ATLANTA FUN STUFF FOR THE KIDS! With seven permanent galleries and animals in more than 10 million gallons of fresh and marine water, Georgia Aquarium brings visitors face to snout with beluga whales, whale sharks, manta rays, penguins, sea otters, dolphins and more. With aquatic adventures to thrill youngsters and their parents, the aquarium seeks to help visitors gain a greater understanding of aquatic ecosystems and the animals that live in them. In the Oceans Ballroom, two large aquatic observation windows allow up-close views of exotic fish and animals from all parts of the world. Adjacent to the aquarium, the World of Coca-Cola is devoted to the history of the drink introduced in Georgia in 1886. Meet and greet the 7-foot-tall Coca-Cola Polar Bear and tour mini museums, a 4-D theater, bottling operations and Olympic history. Save the best for last – the tasting room where kids of all ages can sample more than 100 beverages from around the world. Georgia is the home of Coke and this is the place to learn everything there is to know about the world’s most popular soft drink. Within walking distance of the Georgia Aquarium and World of Coca-Cola are the Center for Civil and Human Rights, Children’s Museum of Atlanta, College Football Hall of Fame, SkyView Atlanta Ferris Wheel, Inside CNN Studio Tour, Centennial Olympic Park and Game-X. Visit one or two of these for a daytrip filled with fun, or squeeze them all in over a weekend. All that day-tripping can work up a big appetite, and you can fill your craving for burgers and fries at Atlanta’s most iconic restaurant, The Varsity. Established in 1928, this downtown institution is the world’s largest drive-in restaurant; eat in your car, or come inside, step up to the counter, and hear servers holler the Varsity’s trademark welcome: “What’ll ya have?” Enjoy Southern cooking at Mary Mac’s Tearoom, an Atlanta source of pride for more than 70 years. The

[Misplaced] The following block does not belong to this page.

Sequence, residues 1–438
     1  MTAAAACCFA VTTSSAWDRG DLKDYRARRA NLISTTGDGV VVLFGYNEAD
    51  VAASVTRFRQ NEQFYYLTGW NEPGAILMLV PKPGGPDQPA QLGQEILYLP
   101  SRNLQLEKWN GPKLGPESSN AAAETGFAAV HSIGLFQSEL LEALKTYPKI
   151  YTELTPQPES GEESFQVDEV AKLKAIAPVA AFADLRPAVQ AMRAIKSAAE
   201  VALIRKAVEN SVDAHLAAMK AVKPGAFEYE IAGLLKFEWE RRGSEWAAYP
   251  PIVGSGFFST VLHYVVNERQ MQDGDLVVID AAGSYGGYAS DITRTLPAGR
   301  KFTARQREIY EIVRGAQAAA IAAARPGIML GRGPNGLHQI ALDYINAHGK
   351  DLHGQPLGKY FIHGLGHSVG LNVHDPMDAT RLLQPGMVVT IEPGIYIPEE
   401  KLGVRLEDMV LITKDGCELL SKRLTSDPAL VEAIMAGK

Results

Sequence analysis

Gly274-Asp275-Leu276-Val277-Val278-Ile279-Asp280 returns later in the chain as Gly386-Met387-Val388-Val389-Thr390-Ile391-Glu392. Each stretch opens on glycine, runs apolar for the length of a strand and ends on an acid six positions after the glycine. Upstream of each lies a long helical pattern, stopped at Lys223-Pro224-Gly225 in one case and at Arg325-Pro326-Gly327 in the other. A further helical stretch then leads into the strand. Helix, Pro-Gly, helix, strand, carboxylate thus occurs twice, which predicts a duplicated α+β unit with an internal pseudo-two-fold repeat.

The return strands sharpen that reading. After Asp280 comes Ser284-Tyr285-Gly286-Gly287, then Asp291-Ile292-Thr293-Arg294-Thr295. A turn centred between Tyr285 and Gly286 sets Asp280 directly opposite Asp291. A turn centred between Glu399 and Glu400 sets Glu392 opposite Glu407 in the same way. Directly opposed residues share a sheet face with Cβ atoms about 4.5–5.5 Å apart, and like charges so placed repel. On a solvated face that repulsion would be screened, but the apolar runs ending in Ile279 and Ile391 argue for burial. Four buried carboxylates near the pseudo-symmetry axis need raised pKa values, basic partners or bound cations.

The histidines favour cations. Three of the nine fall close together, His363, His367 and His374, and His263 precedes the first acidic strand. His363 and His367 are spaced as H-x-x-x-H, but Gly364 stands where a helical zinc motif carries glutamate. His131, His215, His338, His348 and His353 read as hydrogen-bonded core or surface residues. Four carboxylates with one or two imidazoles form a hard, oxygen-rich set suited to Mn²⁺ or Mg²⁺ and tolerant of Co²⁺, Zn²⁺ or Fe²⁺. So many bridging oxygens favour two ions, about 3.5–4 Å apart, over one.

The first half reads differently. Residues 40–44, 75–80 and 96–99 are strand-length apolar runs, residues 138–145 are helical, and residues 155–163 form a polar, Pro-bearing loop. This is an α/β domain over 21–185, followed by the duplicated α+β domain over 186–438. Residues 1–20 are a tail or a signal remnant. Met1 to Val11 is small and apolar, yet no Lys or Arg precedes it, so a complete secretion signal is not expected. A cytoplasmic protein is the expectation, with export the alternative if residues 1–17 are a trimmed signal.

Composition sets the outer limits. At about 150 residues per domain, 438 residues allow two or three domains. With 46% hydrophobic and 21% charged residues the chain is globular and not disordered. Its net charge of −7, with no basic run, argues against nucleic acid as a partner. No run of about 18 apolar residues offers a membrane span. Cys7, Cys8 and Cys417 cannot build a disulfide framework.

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Page 26 downhome cooking features fried chicken and fresh vegetables cooked like Grandmama made ’em and loved by locals and celebrities from all over; so much so that, in 2011, the Georgia House of Representatives declared Mary Mac’s “Atlanta’s Dining Room.” Georgia Aquarium: 225 Baker Street NW, Atlanta, 404.581.4000, World of Coca-Cola: 121 Baker Street NW, Atlanta, 404.676.5151, Center for Civil and Human Rights: 100 Ivan Allen Jr. Boulevard, Atlanta, 678.999.8990, Children’s Museum of Atlanta: 275 Centennial Olympic Park Drive NW, Atlanta, 404.659.5437, College Football Hall of Fame: 250 Marietta Street NW, Atlanta, 404.880.4800, SkyView Atlanta Ferris Wheel: 168 Luckie Street NW, Atlanta, 678.949.9023, Inside CNN Studio Tour: One CNN Center, Atlanta, 404.827.2300, Centennial Olympic Park: 265 Park Avenue W NW, Atlanta, 404.222.7275, Game-X: 275 Baker Street, Atlanta, 404.525.0728, The Varsity: 61 North Avenue, Atlanta, 404.881.1706, Mary Mac’s Tearoom: 224 Ponce De Leon Avenue, NE, Atlanta, 404.876.1800,